ABSECON, N.J. -- "Whose job is it to show the economic viability of pharmacy?" Is it pharmacy's alone? Or should the pharmaceutical industry play a part?
These questions were raised by two speakers at the 15th annual Northeast Pharmaceutical Conference held March 3 and 4 here, and attended by pharmacists from various practice settings, state association executives, third-party plan representatives and pharmaceutical company executives.
"Pharmacists can assist pharmaceutical manufacturers in improving patient outcomes with medications," said Ron Jordan, president of Drug Benefit Management Systems, West Greenwich, R.I., and a trustee of the American Pharmaceutical Association. "We can work together to change behaviors," he said.
"Help us get the message across that we are the catalytic ingredient" in the prescription, Jordan urged pharmaceutical company executives. He suggested that such help could include "direct compensation and facilitation of payment to pharmacists.
"Industry has to help us," said Jordan. "We can't rely just on managed care [to pay for pharmacist cognitive services]." He suggested that rebates now being paid to third-party plans could be used to compensate pharmacists for providing pharmaceutical care.
"Pharmaceutical products and pharmacists are inextricably tied together," said Jordan. "Pharmaceutical companies will have to support pharmacists unless they are headed to deliver products on a commodity basis."
Richard Levy, Ph.D., vice president of scientific affairs for the National Pharmaceutical Council, representing research-based pharmaceutical companies, was not encouraging on the point that industry would embrace such a role.
The pharmaceutical industry is feeling a lot of pressure itself, said Levy. "You have to be blind not to have noticed that many jobs have been lost. Marketing expenses are being cut."
In such an environment, said Levy, "any partnerships that evolve need equal valence and weight of possible contributions. It is conceivable that the industry will come forward, but only if pharmacy is willing to bring to the table real value," he said.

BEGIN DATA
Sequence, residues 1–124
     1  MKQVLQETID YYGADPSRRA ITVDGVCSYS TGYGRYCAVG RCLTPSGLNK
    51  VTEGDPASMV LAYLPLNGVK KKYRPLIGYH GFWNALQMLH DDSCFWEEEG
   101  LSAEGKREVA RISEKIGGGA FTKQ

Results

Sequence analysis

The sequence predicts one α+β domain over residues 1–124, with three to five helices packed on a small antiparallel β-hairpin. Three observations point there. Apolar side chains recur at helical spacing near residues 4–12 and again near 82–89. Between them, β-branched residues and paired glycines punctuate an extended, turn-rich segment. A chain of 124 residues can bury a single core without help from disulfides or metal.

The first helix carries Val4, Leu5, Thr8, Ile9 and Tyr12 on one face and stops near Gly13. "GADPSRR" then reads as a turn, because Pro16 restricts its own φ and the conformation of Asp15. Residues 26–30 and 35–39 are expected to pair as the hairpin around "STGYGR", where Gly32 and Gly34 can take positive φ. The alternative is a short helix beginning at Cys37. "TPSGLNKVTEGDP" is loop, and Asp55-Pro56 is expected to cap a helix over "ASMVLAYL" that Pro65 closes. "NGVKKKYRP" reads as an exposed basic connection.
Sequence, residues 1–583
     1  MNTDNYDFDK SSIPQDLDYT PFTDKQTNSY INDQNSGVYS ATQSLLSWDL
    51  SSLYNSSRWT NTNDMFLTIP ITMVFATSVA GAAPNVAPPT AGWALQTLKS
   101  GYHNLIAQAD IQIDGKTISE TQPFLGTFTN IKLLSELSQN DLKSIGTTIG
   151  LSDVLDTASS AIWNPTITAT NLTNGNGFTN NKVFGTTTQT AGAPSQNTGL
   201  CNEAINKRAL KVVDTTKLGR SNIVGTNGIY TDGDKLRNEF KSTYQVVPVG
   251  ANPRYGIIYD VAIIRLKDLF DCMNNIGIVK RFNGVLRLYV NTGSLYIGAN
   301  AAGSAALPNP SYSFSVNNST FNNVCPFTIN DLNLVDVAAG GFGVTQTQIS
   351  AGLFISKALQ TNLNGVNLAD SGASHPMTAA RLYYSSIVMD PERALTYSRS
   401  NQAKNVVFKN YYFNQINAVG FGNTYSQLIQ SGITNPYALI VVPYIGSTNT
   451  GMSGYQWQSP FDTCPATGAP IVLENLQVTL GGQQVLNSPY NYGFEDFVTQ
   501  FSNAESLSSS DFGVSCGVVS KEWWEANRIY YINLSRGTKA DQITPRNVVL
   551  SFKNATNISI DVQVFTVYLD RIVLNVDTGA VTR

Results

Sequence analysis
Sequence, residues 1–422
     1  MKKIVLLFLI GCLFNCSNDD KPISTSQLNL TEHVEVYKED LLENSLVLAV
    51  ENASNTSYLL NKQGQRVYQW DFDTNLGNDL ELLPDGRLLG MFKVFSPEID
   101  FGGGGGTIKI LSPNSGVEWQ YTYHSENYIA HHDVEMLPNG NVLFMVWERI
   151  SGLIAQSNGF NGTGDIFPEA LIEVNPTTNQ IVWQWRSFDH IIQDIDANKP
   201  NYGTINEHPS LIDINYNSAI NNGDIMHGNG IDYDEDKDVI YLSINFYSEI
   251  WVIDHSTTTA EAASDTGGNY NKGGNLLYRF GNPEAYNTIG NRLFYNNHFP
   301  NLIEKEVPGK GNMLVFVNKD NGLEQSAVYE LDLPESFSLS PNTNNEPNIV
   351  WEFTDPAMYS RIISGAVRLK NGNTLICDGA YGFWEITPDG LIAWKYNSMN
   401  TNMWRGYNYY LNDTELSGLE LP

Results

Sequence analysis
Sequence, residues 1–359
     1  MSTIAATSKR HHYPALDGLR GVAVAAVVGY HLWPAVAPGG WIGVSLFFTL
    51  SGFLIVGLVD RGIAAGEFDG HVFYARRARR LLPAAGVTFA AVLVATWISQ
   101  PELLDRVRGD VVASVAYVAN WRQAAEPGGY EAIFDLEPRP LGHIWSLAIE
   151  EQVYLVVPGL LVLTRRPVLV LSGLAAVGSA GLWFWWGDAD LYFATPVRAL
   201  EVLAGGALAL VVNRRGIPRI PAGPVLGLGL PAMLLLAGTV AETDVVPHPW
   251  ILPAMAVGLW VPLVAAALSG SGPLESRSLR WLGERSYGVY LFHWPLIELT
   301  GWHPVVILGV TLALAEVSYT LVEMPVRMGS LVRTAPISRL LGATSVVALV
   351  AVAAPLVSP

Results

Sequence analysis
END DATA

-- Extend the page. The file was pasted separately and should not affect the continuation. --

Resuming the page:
Levy suggested that the profession can do more to help itself by leveraging pharmacists' assets in providing "high-touch."
Poor compliance with medication regimens is a major cost driver for many diseases and an area where pharmacists can get more involved, said Levy. The compliance rate for patients taking beta blockers is less than 50%. Improving compliance may not even require all that much effort. Levy noted that a previous Schering report found that compliance is improved by 23% merely if the prescription is handed to the patient by the pharmacist, rather than a clerk.
Pharmacists might also mount a public relations effort to let people know what they do, suggested Levy. "The public perception of pharmacists is that they are trusted and valued. People know that pharmacists do more than take tablets out of big bottles and put them into little bottles. Some education about the added value of pharmacy in that process would be helpful."
The pharmaceutical industry, meanwhile, is moving aggressively on its own to position itself in the new managed care environment. "It may not be enough for pharmaceutical companies just to develop, manufacture and sell medicines, no matter how wonderful," said Levy. Companies are beginning to package their knowledge of diseases and of existing and potential treatments to add value, he said. They are providing "informational software wrapped around it, a package that enables patients to take the medicine properly."
Levy described a project being undertaken by Medco Containment Services, Montvale, N.J., and Lilly, Indianapolis, aimed at reducing overall costs in treating diabetics. Patients receive brochures, nutritional information, newsletters and refill reminders. They participate in surveys and can call a toll-free number staffed by pharmacists.
The way health care is delivered and managed is undergoing a "paradigm shift," said Levy, moving away from managing the individual components of health care, such as hospitalization, drugs and physician services.
Component management can sometimes increase overall costs, said Levy, because it ignores the relationship among component costs. Levy cited several published studies supporting his argument. In one study, discontinuation of the beta blocker nadolol increased the overall cost of managing a patient from $24 per patient per month to $26.
Systems management focuses on the disease and patient as units of control, taking into account the distinct patterns of cost elements for each of these, Levy explained.
For example, asthma has a total cost associated with it of $6 billion. But a closer look reveals that 5% of asthma cases account for 70% of costs. A study by the Boston Consulting Group that focused on early intervention and prevention reduced component costs by 25%. Patient education improved medication compliance.